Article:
I concur, and that was my impression, too. The AI written version was not assessed for originality or accuracy, but only on superficial criteria of plausibility. AI is very good at generating plausible sounding text.

Chaucerburnt went on to look over the other two articles, which I hadn’t bothered to read.

The second article linked – which feels very much like it was itself written by GPT – makes a great many assertions about the ways in which GPT “can help” scientists in writing papers, but is very light on evidence to support that it’s good at these things, or that the time it saves in some areas is greater than the time required to fact-check.

It acknowledges plagiarism as a risk, and then offers suggestions on how to mitigate this: “When using AI-generated text, scientists should properly attribute any sources used in the text. This includes properly citing any direct quotations or paraphrased information”… – this seems more like general advice for human authors than relevant to AI-generated text, where the big problem is *not knowing* when the LLM is quoting/paraphrasing somebody else’s work.

It promotes the use of AI to improve grammar and structure – but the article itself has major structural issues. For instance, it has a subsection on “the risk of plagiarism” followed by “how to avoid the risk of plagiarism”.

But most of the content in “the risk of plagiarism” is in fact stuff that belongs in the “how to avoid” section.

Some of it is repeated between sections – e.g. each of those sections has a paragraph advising authors to use plagiarism-detection software, and another on citing sources.

On the grammatical side, it has a bunch of errors, e.g.:

“AI tools like ChatGPT is capable of…”

“The risk of plagiarism when use AI to write review articles”

“Use ChatGPT to write review article need human oversight”

“Conclusion remarks”

“Are you tired of being criticized by the reviewers and editors on your English writings for not using the standard English, and suggest you to ask a native English speaker to help proofreading or even use the service from a professional English editor?”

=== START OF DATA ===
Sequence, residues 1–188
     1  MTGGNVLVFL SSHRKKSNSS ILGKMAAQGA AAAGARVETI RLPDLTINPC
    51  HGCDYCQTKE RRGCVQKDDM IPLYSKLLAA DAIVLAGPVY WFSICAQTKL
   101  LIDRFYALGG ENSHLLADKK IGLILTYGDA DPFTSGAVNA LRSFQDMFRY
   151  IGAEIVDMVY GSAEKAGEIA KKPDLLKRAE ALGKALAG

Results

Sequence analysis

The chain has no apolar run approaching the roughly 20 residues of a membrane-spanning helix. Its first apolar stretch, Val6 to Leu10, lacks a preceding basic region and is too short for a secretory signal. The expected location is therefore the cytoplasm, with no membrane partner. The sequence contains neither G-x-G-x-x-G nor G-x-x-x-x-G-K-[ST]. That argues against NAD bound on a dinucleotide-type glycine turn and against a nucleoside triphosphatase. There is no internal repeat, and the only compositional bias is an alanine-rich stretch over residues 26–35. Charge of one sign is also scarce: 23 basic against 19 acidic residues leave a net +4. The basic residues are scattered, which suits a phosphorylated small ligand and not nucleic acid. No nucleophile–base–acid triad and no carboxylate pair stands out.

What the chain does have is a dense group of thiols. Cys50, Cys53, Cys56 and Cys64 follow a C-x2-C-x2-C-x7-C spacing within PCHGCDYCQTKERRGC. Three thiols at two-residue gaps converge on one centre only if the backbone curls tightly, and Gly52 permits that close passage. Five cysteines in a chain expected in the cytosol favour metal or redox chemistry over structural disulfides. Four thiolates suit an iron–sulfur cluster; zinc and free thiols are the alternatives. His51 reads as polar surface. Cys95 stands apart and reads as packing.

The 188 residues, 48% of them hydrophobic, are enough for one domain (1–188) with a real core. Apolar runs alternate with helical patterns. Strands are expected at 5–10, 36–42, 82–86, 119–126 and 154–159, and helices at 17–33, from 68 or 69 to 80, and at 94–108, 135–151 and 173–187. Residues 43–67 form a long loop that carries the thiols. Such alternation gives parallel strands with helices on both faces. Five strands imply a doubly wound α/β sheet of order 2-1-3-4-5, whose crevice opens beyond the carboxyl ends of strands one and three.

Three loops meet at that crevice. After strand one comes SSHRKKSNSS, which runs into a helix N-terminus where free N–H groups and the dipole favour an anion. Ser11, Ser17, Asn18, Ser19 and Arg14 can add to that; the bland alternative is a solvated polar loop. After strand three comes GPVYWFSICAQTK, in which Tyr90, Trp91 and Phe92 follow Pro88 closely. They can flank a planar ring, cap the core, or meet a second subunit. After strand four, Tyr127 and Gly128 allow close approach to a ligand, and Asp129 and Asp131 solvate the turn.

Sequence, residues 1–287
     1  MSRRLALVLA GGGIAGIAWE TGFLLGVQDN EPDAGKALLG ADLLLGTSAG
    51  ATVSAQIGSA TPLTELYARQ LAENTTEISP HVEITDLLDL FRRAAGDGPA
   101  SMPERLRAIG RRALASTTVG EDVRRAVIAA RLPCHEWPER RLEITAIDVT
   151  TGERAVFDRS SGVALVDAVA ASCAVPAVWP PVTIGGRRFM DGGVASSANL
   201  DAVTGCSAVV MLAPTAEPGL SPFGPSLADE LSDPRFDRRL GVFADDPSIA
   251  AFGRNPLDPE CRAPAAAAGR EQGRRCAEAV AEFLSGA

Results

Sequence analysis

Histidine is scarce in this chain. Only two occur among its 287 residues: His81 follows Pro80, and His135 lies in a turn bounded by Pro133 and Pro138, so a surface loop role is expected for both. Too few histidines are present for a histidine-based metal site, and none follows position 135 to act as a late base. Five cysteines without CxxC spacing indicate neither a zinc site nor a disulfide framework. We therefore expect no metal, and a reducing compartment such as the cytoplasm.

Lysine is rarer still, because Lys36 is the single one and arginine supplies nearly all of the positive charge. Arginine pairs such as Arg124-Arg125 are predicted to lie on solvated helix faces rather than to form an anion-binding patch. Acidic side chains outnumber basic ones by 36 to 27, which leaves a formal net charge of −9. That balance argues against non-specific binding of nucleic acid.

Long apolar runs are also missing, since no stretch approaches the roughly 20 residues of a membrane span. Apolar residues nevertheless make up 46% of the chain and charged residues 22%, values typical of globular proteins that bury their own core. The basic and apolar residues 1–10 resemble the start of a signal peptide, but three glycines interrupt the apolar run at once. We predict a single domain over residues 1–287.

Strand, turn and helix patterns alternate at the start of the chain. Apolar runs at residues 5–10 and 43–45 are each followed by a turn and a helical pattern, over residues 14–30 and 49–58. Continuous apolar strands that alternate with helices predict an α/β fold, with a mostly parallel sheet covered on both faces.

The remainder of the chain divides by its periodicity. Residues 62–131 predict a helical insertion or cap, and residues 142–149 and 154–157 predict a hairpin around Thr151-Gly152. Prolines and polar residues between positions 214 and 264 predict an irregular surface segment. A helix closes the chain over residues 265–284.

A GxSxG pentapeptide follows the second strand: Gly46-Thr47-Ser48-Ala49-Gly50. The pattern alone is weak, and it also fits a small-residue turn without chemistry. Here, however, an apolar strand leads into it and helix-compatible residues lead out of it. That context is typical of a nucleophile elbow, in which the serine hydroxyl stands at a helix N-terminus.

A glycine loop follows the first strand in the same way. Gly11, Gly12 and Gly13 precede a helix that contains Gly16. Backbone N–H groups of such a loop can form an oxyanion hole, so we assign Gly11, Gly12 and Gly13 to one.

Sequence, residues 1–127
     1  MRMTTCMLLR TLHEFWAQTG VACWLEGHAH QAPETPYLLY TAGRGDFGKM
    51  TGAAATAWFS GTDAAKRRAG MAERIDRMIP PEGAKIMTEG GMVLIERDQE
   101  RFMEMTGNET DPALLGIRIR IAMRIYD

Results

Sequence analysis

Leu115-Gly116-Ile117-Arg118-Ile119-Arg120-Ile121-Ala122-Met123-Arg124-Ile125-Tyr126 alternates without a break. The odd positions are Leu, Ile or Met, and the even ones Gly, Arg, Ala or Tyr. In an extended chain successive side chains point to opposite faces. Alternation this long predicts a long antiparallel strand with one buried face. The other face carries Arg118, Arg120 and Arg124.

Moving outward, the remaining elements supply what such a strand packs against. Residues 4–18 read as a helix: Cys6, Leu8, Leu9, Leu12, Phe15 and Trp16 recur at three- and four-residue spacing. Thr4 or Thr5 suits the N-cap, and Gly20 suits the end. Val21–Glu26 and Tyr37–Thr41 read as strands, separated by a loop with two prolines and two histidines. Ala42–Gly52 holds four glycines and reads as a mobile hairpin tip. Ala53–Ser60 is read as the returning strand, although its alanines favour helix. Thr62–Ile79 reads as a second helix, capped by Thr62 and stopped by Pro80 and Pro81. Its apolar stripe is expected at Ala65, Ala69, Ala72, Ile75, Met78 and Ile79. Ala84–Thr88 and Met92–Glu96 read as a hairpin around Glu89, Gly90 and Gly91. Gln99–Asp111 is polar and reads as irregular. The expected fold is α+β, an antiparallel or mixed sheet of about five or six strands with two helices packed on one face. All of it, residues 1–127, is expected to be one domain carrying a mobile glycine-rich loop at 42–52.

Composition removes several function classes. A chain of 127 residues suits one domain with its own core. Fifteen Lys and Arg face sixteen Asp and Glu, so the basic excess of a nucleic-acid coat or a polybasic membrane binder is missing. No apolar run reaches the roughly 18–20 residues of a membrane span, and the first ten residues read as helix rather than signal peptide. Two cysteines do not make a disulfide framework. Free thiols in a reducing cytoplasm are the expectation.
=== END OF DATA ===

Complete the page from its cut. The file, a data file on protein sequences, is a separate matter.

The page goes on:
(Later on, it contradicts that by noting that “AI-generated text usually requires further editing and formatting…Human oversight is necessary to ensure that the final product meets the necessary requirements and standards.”)

If that paper is indeed written by GPT, it’s a good example of why not to use GPT to write papers.

The third aricle gets the same treatment.

The last of the three papers you linked is a review of other people’s publications about ChatGPT. It’s more of a summary of what other people are saying for and against GPT’s use than an assessment of which of these perspectives are well-informed.

(Of 60 documents included in the study, only 4 are categorised as “research articles”. The most common categories are non-peer-reviewed preprints and editorials/letters to the editor.)

It does note that 58 out of 60 documents expressed concerns about GPT, and states that despite its perceived benefits, “the embrace of this AI chatbot should be conducted with extreme caution considering its
potential limitations.”

Not exactly an enthusiastic recommendation for GPT adoption.

Going a step further, Chaucerburnt reassures me that my role in the class is unchallenged.

I’ve seen people use AI for critique, and my impression is that it does more harm than good there.

If a human reviewer tells me that my sentences are too long and complex, there’s a very high probability that they’re saying this because it’s true, at least for them.

If an AI “reviewer” tells me that my sentences are too long and complex, it’s saying it because this is something it’s seen people say in response to critique requests and it’s trying to sound like a human would. Is it actually true, even at the level that a human reviewer’s subjective opinion is true? No way to know.

Beyond that, a lot of it comes down to Barnum statements:

Many authors can benefit from generic advice like “consider your target audience”, but we don’t need to waste CPU cycles to give them that.

This term I had a couple of student papers here at the end that would not have benefited from ChatGPT at all. Once a student gets on a roll, you’ll sometimes get sections that go on at length — they’re trying to summarize a concept, and the answer is to keep writing until every possible angle is covered. The role of the editor is to say, “Enough. Cut, cut, cut — try to be more succinct!” I’ve got one term paper that is an ugly mess at 30 pages, but has good content that would make it an “A” paper at 20 pages. ChatGPT doesn’t do that. It can’t do that, because its mission is to generate glurge that mimics other papers, and there’s nobody behind it that understands the content.

Anyway, sometimes social media comes through and you get a bunch of humans writing interesting stuff on both sides of an argument. I’d hate to see how ugly social media could get if AIs were chatting, instead.

Too much social media